The sky in many places in the universe could be dark even at midday, says S.Ananthanarayanan.
The reason we have such brightness when the sun is shining on the earth is that the atmosphere scatters light at us from different directions. If we did not have an atmosphere, everything in direct sunlight would be very well lit but we could not say the same about things in the shade. And the sky overhead, it would be dark, and there would be stars, even more clearly than usually at night.
However, as we do have an atmosphere, we can see very little of the real blackness of outer space while we are on the earth. This is so even when we are above the atmosphere, because there is still scattering by interplanetary dust in the near solar system. Michael Zemcov, Poppy Immel, Chi Nguyen, Asantha Cooray, Carey M. Lisse and Andrew R. Poppe, from Rochester Institute of Technology, University of California, John Hopkins University and Jet Propulsion Laboratory, California describe in the journal, Nature Communications, the study of interstellar illumination, conducted at a great distance from the earth. The study used instruments on NASA’s spacecraft, Deep Horizon, beyond the orbit of Jupiter, on its way to the planet, Pluto, precisely to escape the glare that persists at shorter distances.
The faint light that is there in the blackness of deep space, the so called Cosmic Optical Background (abbreviated as COB), is the sum-total of the radiation from all the light emitting objects in the universe, after taking away the contribution from the solar system and our own galaxy. Although there are a great many such external objects, they are distributed at such large distances that their effect in the spaces between them is extremely faint. It is this extreme faintness that makes the light so difficult to isolate and detect. An accurate measurement of this faint glow, however, is of great interest, to test our current theories about the nature of the universe. We have a certain estimate of the number of luminous objects, and their distances apart, which lead to a certain level of illumination. If what we measure turns out to be different, then we may need to change our ideas of where the light comes from.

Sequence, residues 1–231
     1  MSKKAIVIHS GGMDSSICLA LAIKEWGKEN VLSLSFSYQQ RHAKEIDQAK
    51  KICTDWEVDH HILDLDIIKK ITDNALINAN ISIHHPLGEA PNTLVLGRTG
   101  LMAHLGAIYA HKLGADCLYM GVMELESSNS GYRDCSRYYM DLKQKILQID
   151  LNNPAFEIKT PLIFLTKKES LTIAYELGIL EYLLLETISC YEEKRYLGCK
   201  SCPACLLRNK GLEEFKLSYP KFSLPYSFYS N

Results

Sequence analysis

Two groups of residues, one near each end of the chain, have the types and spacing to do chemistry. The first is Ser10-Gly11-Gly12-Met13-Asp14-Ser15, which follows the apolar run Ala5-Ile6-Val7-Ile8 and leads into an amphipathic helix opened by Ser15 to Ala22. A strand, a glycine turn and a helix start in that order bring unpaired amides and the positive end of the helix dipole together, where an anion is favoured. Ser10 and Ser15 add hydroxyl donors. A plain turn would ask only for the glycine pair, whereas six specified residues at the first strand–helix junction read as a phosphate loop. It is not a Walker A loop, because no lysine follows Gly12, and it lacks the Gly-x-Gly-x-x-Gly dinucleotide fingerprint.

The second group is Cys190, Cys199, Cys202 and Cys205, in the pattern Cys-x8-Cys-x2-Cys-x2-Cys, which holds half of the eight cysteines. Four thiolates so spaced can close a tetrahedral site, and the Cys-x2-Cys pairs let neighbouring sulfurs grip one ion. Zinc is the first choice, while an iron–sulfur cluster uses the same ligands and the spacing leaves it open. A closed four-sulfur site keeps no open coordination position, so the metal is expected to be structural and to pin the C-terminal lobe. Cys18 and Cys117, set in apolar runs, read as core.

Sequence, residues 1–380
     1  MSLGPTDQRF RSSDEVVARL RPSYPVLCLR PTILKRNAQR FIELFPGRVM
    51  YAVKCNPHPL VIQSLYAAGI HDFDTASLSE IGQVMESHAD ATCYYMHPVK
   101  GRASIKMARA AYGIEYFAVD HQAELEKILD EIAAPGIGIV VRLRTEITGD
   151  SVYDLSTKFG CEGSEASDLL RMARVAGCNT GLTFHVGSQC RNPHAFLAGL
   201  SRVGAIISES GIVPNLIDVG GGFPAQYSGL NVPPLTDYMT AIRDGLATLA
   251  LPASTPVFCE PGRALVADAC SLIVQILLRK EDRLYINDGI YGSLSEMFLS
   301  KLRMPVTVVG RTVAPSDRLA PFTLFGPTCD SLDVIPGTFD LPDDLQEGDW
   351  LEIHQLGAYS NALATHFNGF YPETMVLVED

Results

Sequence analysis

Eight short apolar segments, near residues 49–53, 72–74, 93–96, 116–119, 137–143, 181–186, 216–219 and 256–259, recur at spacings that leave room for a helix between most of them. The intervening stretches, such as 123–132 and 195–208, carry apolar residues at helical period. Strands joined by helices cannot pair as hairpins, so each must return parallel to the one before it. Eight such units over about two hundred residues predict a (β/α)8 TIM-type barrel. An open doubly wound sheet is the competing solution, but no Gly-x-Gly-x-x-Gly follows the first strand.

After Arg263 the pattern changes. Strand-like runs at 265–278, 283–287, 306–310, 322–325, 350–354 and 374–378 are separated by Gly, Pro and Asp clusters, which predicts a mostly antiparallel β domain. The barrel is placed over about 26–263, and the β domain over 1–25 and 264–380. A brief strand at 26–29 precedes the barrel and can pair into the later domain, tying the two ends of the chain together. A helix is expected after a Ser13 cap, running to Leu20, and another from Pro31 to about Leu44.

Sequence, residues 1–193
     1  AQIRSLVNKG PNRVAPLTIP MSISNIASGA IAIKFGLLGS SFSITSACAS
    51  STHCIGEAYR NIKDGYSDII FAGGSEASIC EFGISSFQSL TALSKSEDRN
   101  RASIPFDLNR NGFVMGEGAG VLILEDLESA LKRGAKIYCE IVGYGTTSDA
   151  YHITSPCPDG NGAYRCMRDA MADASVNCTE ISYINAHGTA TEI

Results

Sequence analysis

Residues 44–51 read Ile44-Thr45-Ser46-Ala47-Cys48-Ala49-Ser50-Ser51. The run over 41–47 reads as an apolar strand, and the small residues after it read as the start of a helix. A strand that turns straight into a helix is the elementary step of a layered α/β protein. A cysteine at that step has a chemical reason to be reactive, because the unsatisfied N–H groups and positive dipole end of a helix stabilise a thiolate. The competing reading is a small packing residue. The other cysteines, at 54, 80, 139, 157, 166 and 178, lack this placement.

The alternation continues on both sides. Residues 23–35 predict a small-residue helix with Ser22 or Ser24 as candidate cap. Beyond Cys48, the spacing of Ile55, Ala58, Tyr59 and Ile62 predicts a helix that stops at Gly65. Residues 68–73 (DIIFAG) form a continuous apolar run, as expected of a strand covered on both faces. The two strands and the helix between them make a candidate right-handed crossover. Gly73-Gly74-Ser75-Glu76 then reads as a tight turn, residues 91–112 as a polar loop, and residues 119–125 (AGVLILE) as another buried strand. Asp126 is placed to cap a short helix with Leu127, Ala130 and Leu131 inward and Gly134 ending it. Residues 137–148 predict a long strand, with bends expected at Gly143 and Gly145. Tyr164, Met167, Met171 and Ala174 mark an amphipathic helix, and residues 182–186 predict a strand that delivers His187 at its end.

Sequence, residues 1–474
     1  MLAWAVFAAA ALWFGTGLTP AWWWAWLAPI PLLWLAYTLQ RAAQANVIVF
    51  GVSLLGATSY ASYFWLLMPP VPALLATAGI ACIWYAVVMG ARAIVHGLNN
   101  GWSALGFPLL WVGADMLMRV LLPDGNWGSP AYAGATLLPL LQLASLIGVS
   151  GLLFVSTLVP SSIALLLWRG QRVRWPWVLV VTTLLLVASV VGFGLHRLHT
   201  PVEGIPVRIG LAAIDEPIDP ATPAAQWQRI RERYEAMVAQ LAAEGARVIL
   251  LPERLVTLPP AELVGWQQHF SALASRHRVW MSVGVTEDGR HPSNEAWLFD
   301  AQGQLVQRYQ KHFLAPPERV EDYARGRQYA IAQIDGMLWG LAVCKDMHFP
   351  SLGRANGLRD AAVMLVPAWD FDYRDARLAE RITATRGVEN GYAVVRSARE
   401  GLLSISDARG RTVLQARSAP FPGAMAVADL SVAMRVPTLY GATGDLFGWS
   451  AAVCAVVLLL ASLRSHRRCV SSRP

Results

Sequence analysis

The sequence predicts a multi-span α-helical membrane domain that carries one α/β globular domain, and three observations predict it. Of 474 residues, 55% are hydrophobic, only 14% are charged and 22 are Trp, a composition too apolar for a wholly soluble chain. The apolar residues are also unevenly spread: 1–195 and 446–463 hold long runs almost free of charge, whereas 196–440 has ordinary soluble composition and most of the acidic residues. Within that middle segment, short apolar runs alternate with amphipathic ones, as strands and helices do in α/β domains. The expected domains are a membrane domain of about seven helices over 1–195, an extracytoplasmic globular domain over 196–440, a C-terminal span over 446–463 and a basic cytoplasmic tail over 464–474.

On the other hand, it is with the help of the faint background light that we make some of the estimates of the count of luminous objects in the heavens. If we have confidence in the amount of light from known objects, or the foreground light, in some direction, we could estimate the background light. We could then use this to work out the foreground light, from the total light coming in from another direction. The whole exercise, however, depends on measurement of the illumination itself, which is difficult in the level of glare in near-earth locations.
The background illumination is believed to arise from different astrophysical processes in the universe. These processes include the star formation process and, after the stars are formed, the nuclear fires in stars, where atoms of elements are generated by fusion of the nuclei of atoms of lighter elements. Another source of radiation is the matter near black holes, which accelerate to near the speed of light as they crash into the black holes. Yet another source is emission as the nuclear fuel in the larger stars runs out and the stars collapse, because of their own gravity. And then there is the emission from events like the decay of elementary particles, or the effect of particle annihilation or acceleration.
While we have estimates of these processes and of how intense the COB should be, finding the COB to be different may reveal the presence of exotic forms of matter or of decay of particles other than those that fit into the Standard Model.
Measuring the glow